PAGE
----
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Peter A. Beak

Chemist is remembered for his contributions to physical organic chemistry, as well as his dedication to teaching and mentorship

by Linda Wang
March 3, 2021


Photo of Peter Beak.
Credit: Thompson McClellan Photography
Peter Beak

A leader in physical organic and synthetic organic chemistry, Peter A. Beak died on February 21 at the age of 85 in Urbana, Illinois. He was the James R. Eiszner Endowed Chair in Chemistry at the University of Illinois Urbana-Champaign (UIUC), where he has served on the faculty for nearly 60 years.

“Peter brilliantly applied the principles of physical organic to advance our understanding of the structure and reactivity of organic compounds. In the process he developed a number of important concepts that have found wide usage, including complex-induced proximity effects, the endo-cyclic restriction test, and dipole-stabilized carbanions to name just a few,” says Steven C. Zimmerman, Roger Adams Professor of Chemistry at UIUC. “But what was extraordinary about Peter is how unassuming he was, always wanting to highlight the accomplishments of others, especially students. His humanity was so genuine. It just didn’t matter whether you were an incoming freshman or the University President, Peter would treat you with the same level of respect and dignity. He was uniformly loved.”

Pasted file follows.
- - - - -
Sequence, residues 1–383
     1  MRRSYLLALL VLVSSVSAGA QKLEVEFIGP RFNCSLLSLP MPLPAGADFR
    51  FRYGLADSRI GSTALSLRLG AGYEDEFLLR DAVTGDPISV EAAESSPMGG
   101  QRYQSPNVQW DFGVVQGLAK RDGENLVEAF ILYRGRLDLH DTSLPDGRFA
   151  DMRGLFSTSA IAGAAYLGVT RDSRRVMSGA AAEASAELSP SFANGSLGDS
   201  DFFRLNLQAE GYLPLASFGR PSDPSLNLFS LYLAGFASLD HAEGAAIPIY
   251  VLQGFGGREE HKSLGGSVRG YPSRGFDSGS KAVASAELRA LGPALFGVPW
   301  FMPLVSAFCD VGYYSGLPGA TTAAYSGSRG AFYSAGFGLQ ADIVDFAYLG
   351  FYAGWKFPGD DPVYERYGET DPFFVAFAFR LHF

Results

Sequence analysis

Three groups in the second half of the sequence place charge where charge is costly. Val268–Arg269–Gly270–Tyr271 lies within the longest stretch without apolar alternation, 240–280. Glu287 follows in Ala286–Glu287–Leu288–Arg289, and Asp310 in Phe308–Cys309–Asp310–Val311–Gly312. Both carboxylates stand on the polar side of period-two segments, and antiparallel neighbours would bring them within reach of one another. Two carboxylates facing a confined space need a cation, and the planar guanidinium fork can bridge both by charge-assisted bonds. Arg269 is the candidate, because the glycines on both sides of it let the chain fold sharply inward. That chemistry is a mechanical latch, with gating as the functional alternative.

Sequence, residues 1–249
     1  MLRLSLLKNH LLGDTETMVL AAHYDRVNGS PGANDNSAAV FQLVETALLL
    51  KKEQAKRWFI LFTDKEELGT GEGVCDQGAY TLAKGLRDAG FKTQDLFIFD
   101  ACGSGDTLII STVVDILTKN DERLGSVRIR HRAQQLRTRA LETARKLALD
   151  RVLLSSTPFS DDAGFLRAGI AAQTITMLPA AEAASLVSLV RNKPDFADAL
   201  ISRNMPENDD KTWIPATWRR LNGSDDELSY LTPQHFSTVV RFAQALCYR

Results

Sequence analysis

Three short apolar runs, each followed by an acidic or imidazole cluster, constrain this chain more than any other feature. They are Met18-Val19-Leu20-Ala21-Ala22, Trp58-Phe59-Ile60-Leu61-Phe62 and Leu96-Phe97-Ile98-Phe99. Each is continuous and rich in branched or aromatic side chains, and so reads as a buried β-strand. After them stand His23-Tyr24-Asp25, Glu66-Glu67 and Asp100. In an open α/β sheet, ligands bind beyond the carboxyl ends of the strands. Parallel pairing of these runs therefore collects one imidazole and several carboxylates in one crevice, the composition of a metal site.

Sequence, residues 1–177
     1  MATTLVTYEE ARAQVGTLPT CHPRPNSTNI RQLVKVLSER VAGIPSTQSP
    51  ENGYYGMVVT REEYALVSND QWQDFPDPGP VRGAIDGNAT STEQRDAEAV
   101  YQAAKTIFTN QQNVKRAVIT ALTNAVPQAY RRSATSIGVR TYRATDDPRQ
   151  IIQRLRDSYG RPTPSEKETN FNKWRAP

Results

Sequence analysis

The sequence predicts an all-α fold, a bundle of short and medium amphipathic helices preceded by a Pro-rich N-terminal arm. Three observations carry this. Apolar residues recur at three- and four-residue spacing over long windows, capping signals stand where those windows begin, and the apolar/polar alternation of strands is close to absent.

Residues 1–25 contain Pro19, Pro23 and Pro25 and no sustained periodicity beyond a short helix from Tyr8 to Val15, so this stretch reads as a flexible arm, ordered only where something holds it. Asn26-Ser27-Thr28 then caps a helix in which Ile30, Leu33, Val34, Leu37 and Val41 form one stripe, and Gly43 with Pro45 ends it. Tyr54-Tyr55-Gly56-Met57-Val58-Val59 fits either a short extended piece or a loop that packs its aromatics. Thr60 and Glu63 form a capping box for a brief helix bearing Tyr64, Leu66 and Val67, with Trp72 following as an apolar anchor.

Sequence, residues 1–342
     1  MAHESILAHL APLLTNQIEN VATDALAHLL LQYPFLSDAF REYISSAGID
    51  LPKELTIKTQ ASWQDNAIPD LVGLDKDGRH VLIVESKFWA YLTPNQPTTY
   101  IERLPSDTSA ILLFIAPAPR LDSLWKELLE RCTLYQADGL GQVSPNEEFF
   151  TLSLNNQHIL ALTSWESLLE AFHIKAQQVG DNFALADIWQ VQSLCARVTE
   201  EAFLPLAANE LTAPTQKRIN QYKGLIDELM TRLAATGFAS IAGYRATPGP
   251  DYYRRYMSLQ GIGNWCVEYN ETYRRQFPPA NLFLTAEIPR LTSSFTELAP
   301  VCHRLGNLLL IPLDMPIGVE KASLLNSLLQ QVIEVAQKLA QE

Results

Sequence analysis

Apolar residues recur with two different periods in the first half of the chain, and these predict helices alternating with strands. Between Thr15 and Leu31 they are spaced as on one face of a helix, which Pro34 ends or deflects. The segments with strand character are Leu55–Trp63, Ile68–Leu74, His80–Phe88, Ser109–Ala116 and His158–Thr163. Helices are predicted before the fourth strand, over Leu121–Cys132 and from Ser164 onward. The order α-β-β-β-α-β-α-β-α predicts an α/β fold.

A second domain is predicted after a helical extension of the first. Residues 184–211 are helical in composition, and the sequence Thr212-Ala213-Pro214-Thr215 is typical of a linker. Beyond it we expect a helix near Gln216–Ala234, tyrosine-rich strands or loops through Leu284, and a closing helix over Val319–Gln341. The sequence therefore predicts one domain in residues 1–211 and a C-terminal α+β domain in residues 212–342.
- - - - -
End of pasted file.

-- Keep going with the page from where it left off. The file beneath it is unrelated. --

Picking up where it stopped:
Beak earned a BA from Harvard University in 1957 and a PhD from Iowa State University in 1961.

“His impact on chemistry was enormous,” says Eric N. Jacobsen, Sheldon Emery Professor of Chemistry at Harvard University. “I think he is partly responsible for the renaissance in the field of physical organic chemistry we are witnessing today. Rather than analyze simple problems in extreme detail (which was the direction much of the field had taken in the 1960s and 70s), Peter’s program focused on complex problems where deep mechanistic insight could be connected to questions of genuine relevance to synthesis,” “His work on carbanions and especially on stereoselective lithiation chemistry is especially noteworthy in that regard, but I see each of his papers as a masterpiece in connecting a fundamental mechanistic question to a valuable reactivity concept.”

“Peter’s early contributions to enantioselective synthesis by the development and mechanistic study of enantioselective lithiations were seminal,” says Larry E. Overman, distinguished professor of Chemistry at the University of California, Irvine. “Even more significant was his influence as a teacher and mentor at the University of Illinois and on many organic chemists worldwide.”

“I was fortunate to have an advanced undergraduate organic chemistry course from Peter (ca. 1983). He emphasized a conceptual way of thinking about organic chemistry that ingrained in me the habit of ‘reason-by-analogy,’ ” says Jeffrey S. Moore, Stanley O. Ikenberry Endowed Chair and professor of chemistry at UIUC. “He taught me to stay true to the mission of teaching and training students as our primary purpose. He instilled in me that our role as faculty is to put the well-being of students first and foremost.”

“With characteristic modesty, Peter would always identify his most important contributions as the accomplishments of his current and former students,” says Catherine J. Murphy, Larry R. Faulkner Endowed Chair in Chemistry and head of the chemistry department at UIUC. “His was a difficult-to-emulate example, but one that all who knew him aspired to.”



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